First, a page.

PAUL NEWMAN: Trent Bridge washout gives England captain Joe Root a break… so with the top three under pressure will England now make changes for second Test against India?
- England played India on Sunday on the final day of the first Test at Trent Bridge
- Play was rained-off with India needing 157 for victory with nine wickets left
- Joe Root is convinced his side could have turned things in their favour
Joe Root had the look at Trent Bridge of a man who had got away with one after rain ruined what could have been an exciting finale to the first Test.
The England captain may have been right to suggest a couple of early wickets could easily have changed the course of a last day that seemed to be heading India’s way.
But Virat Kohli has much less to ponder before the sides head to Lord’s for the second instalment on Thursday of a five-Test series that remains a testing examination of England.
The final day of England’s first Test against India has been called-off due to the British weather
Joe Root and coach Chris Silverwood appeared to look over the Trent Bridge pitch on Sunday
Certainly Root seemed more content after this wash-out than before the match when he had the weight of an increasingly troubled world as Test captain on his shoulders.
‘I’d be lying if I said India weren’t in the driving seat going into today,’ admitted Root when play was finally abandoned with India still needing another 157 for victory with nine wickets left.
‘But we know on a pitch like this wickets can fall in clusters and the game can turn on its head. The pressure of batting on the final day could have seen it turn in our favour.
‘At one stage it did look as though the weather would allow us 40 overs and I do think we would have been able to create nine chances in that time on a surface like that.’
The final day was rained-off as fans waited with umbrellas hoping the action would restart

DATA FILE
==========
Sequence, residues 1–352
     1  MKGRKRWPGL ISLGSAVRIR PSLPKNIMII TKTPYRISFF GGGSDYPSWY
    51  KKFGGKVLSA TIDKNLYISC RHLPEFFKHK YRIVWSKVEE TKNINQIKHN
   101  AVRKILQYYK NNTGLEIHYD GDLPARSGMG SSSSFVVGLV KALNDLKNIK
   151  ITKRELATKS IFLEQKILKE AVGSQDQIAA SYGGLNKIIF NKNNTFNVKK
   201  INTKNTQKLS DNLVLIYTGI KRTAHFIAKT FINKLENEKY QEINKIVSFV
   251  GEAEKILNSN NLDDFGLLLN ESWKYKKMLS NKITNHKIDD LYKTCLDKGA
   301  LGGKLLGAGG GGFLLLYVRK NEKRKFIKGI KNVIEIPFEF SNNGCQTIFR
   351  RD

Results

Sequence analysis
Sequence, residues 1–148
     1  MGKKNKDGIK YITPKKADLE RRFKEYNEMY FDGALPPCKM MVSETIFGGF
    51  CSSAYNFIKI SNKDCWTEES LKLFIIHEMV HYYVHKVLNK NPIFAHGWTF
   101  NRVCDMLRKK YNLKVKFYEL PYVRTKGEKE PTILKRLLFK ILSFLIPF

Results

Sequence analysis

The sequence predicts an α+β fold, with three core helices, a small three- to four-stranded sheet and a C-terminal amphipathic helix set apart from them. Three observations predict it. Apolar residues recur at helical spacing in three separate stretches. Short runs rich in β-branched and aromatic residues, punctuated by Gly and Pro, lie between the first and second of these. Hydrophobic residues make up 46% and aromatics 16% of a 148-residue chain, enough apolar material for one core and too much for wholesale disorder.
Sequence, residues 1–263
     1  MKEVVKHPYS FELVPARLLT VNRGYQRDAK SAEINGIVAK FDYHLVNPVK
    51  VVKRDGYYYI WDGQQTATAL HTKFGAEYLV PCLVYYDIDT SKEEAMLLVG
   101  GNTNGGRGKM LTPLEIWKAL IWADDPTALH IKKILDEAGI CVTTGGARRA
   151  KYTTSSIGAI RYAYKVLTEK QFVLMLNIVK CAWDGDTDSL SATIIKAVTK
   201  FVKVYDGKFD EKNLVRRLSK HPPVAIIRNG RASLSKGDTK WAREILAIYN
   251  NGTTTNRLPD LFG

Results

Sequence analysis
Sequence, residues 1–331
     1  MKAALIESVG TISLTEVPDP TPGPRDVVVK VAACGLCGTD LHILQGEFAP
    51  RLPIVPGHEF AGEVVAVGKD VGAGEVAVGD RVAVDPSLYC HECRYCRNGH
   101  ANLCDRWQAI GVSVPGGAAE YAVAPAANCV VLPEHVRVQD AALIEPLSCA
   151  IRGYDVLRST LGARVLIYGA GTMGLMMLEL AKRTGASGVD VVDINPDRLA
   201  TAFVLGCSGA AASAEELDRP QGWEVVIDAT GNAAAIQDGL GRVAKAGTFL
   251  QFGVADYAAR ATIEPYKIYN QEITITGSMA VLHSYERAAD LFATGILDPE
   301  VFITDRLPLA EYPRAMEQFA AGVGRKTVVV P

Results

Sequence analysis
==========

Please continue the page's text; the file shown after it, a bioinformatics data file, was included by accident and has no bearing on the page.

That may be so but the problem for England is not in bowling that can create those chances but top order batting that still sees them perennially chasing the game. And fielding that offers no guarantees they would have taken chances even if offered them.
England only got out of this with honours even after capitulating to 183 all out in their first innings because Root was back to his superlative best in making on Saturday one of the best even of his 21 Test centuries.
And they must again decide whether the time is now right to make changes to a top order that does not look fit for the purpose of making the big first innings runs that are essential to coach Chris Silverwood’s oft-stated game-plan.
Rory Burns may have been England’s player of the series against New Zealand but he made his fourth duck of the year here and struggled against India’s potent seam attack.
Dom Sibley displayed a slightly more orthodox technique but still does not have the shots to do anything other than survive, as he did in this Test for five and a half hours in total for just 46 runs.
But the biggest top three worry is Zak Crawley who, since seemingly announcing himself as a rare talent in making 267 against Pakistan at the Ageas Bowl last summer, averages just 11.14 from 14 innings.
India were in the ascendancy but England’s Joe Root is sure they’d have get back on track
The rejuvenated Haseeb Hameed remains in an enlarged England squad that was selected for the opening two Tests but Root suggested Crawley, along with the other two under threat, may get one more chance at Lord’s.
‘Ultimately you have to be a strong character and I think Zak is that,’ said Root. ‘He has great maturity for a young age. He’s shown everyone he can perform at this level and next time he goes out there he has to remember that and enjoys the opportunity to make big runs again.’
The balance of a side shorn of Ben Stokes is the other pressing item on England’s agenda. Sam Curran may have twice contributed useful lower order runs here but he went wicketless and Root cannot afford to have a passenger among only four bowlers.
So can England add a fifth in Mark Wood or the lesser spotted Jack Leach by leaving out one of the other under-performing batsmen in Jonny Bairstow or Dan Lawrence and risk further weakening the batting? Or simply replace Curran and stick to a four-bowler policy?
Virat Kohli will have fewer worries than his England counterpart ahead of the second Test
‘It’s something we’ve got to keep looking at,’ said Root. ‘We want to try to find something sensible sooner rather than later and depending on conditions we might have to alter our side at Lord’s.
‘You want continuity but whether it’s rest and rotation, injuries or Covid that’s something we’ve not had. They’ve been a lot of obstacles to overcome.’
There is one player, of course, who could solve the question of balance and bring spin back to the side in Moeen Ali and his absence continues to be something of a mystery.
Unless England add to their squad today – and Root did not totally rule it out – Moeen’s exile will remain, as will many of England’s problems.
A rain-ruined draw and the emergence of a bowler of real Test quality in Ollie Robinson to help ease the blow of the absence of Jofra Archer and Chris Woakes has not altered that.